Work wasn’t really busy. We shipped our release for the year at the end of November so there were only a few minor things to do in December and most of the time we prepared for releases next year. Like usual, there was no Christmas holiday celebration at work. For a second year in a row, they asked us to pay for the privilege of taking the morning off to watch a movie.

A (B? C?)-list celebrity, Brittney Murphy, died and wait, where was the press? It looks like they were still recovering from the Tiger scandel that started innoculuously over American Thanksgiving and then took over the headlines until Christmas.

Oh yeah, we also went to Italy. I’ll blog more about that later.

With this blog, I’ve completed one of my New Year Resolutions for 2008 (#4 to be exact), by blogging about the events in each month for the entire year. Although, I think it works better in theory than in practice, since I find that there’s not much to write about at the end of each month.

For example in December, the focus was on Christmas. We spent a week picking up all the gifts we needed to get for everyone, and had a week to spare (so to beat the rush; although we did end up going to the mall around the crunch days and it was b-u-s-y). We spent Christmas with the usual family dinners and then went to California for a week with Joe and Ida to escape the snow. The snow seemed especially bad in December, with several snow storms, even on the morning that we were going to the airport.

Polar Express is an animated movie based on the children book of the same name. It’s a perfect movie for Christmas-time (even if I am a scrooge), so we watched it last night. The story revolves around a hero boy (as the credits put it) who has grown to an age where he has started doubting Christmas and Santa Claus. While falling asleep on Christmas Eve, he hears the Polar Express pull up which leads to him having some adventures at the North Pole and reaffirming his faith in the Christmas spirit.

The movie is entirely animated, although not to the quality of Pixar but more like Final Fantasy: The Spirits Within. The animation enabled the story to do some crazy things that probably fit with a child’s imagination of the story. And a children’s movie it was; sure the message applies to adults too but the plot and characters had the simplicity of a kid’s story.

Near the end, there is a part where elves celebrate at the North Pole. There’s one elf in particular who is the singer of the band, and I noticed that he strikes an awful close resemblance to Steven Tyler (it’s the hair), and in fact it was him! But his cameo does not save this animated film from a 2 out of 5 rating from me.

We got my mom a (portable) photo printer this year since she always asks me how to develop photos stored on her computer. It’s not an easy process to explain, especially since there are so many, and the mechanics of copying on to flash memory is not straightforward. So the easy solution is to buy a system that will do this for her, as straightforward as possible. A photo printer that can only print 4×6 sounds like the way to go.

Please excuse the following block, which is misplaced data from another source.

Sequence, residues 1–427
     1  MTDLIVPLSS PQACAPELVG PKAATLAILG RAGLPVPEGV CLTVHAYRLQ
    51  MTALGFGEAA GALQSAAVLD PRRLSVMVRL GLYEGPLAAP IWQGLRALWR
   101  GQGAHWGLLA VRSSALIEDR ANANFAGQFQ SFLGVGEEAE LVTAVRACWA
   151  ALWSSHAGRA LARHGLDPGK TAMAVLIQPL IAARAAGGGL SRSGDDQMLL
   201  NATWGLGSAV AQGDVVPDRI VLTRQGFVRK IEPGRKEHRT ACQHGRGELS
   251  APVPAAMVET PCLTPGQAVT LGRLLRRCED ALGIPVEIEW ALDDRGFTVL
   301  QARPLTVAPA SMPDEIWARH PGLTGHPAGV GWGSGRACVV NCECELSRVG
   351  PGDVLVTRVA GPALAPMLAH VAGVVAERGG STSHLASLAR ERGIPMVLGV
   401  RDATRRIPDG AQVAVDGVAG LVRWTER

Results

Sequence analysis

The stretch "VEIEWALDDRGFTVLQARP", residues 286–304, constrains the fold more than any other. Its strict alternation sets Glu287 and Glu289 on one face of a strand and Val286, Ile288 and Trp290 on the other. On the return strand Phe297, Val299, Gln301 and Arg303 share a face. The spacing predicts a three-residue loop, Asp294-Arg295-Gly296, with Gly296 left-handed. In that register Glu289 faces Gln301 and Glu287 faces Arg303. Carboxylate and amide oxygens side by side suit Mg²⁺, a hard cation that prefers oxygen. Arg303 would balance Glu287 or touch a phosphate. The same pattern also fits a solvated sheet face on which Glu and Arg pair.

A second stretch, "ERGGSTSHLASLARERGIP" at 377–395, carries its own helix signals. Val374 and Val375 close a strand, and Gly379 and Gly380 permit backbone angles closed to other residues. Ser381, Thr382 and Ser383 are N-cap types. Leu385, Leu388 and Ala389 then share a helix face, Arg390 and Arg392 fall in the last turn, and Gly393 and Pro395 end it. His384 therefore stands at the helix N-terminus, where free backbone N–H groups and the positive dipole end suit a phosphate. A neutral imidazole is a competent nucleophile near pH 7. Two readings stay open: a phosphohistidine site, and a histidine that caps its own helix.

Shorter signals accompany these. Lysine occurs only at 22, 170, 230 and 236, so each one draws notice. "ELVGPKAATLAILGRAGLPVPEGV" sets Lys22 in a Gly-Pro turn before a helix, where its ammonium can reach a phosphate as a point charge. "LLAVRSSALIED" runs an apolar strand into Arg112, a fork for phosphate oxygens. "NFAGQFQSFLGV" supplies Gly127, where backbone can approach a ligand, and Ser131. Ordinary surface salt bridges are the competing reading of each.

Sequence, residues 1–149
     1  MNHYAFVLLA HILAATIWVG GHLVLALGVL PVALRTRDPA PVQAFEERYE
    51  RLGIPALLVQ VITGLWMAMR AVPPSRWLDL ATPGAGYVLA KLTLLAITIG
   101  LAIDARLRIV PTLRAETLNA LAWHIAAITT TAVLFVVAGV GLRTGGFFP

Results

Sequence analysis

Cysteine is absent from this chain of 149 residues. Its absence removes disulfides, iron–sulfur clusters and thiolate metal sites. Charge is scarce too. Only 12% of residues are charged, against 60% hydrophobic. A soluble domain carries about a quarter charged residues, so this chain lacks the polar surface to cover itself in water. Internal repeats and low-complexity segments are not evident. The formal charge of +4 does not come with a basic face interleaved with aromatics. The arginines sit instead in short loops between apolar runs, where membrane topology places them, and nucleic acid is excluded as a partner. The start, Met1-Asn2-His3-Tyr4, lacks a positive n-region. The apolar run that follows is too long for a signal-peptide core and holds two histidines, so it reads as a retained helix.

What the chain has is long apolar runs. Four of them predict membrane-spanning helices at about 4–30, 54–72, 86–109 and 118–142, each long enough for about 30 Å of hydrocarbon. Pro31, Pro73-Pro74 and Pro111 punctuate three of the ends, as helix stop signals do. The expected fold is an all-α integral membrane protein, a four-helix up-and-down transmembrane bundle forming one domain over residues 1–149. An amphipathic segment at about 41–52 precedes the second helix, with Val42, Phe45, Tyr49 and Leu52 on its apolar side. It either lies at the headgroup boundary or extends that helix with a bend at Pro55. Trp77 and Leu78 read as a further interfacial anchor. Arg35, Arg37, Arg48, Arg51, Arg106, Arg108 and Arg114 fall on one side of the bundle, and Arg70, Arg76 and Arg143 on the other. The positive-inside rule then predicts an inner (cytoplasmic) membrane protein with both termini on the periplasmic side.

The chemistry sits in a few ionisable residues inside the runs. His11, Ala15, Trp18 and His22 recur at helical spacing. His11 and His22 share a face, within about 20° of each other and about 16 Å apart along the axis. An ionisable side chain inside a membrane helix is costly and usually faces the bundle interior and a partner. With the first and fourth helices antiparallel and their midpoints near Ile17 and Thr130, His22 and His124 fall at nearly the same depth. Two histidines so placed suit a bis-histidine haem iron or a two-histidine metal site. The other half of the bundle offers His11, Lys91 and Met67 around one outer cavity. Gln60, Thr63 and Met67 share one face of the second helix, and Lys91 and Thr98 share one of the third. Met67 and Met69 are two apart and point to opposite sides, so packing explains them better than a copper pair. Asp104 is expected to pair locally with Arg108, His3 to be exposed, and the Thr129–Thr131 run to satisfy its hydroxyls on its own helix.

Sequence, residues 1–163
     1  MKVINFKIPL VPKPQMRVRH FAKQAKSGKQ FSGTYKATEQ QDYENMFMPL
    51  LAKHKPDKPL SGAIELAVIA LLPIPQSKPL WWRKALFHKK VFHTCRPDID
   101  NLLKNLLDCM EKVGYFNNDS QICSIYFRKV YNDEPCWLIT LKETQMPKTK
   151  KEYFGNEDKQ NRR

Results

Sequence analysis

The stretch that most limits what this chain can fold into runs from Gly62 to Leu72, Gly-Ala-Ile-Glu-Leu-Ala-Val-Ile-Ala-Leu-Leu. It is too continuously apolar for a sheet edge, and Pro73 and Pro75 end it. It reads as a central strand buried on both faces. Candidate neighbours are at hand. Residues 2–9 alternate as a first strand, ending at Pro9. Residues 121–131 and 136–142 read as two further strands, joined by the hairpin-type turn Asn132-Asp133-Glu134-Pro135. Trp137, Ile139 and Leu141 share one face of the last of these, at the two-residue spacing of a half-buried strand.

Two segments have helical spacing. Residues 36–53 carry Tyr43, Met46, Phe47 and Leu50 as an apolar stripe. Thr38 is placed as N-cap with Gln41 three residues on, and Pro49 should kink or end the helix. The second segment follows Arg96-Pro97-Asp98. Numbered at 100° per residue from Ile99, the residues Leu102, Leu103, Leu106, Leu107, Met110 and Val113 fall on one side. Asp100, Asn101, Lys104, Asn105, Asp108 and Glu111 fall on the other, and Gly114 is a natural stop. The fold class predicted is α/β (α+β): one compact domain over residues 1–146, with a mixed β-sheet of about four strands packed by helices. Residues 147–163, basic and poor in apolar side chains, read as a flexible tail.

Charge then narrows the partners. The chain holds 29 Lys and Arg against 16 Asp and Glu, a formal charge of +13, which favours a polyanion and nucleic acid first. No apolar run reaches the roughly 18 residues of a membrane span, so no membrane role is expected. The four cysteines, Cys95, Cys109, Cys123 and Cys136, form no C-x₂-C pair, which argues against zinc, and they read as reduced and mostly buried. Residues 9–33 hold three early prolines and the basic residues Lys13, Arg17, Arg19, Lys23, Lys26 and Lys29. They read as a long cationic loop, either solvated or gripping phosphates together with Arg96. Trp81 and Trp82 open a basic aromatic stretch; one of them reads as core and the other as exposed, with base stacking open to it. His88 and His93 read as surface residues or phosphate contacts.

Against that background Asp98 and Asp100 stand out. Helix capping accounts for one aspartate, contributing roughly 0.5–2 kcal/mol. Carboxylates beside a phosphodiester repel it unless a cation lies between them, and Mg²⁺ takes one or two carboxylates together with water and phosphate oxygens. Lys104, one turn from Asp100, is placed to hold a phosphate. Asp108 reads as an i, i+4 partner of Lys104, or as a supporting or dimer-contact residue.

These things are a rip off. Not just the price (I only paid $30 for a normal “photo” printer that prints to 8.5×11 too) but for the ink and paper. The normal strategy is to refill the ink and buy paper in bulk (maybe dollar store too) right? Well they’ve out smarted you this time. Not only can you not refill, your ink can only print out a specific number of photos, let’s say 15. Once you’ve printed out 15 photos, you will have to replace the cartridge even if there is still ink. But fear not, they will sell you paper and ink packages that will let you print another roll of photos.

Here’s my obligatory Scrooge post. Christmas shopping is supposed to be a boon for retailers since people are forced to buy things for others, under the auspices that you are giving gifts. But really you are just taking a stab at what you think other people want or need, and paying whatever price the retailer sets. It’s very lucky that there is competition because otherwise you would pay any outlandish request the retailer decides since the overriding priority is for perceived need.

It is in fact a very inefficient system, and results in unnecessary spending. If only it was clear what the true needs are (of which nothing is non-negligble), and there was sufficient time to find things on sale, then I would not be so disillusioned at “Christmas”. But can you imagine what color the retailers would be without these wastes?

It seems the leading trend this Christmas season is to use LED Christmas lights instead of the old, tiny, incandescent ones. It’s not something new for this year; I remember Ikea using LEDs for their star-type lights last or a few years back, but no doubt stirred by Al Gore et al, LEDs have been a huge hit for the environmentally-conscious bandwagon jumpers.

I’m all for conservation, but I’ve noticed that LED lights don’t look as beautiful or classy as the lights of old. The multi-colored lights that I’ve seen look like displays setup for kids, instead of having the warm, happy tone of the Christmas lights that I grew up with. And I don’t think it’s a case of nostalgia, but more a case of the light being given off from LEDs being unrectified.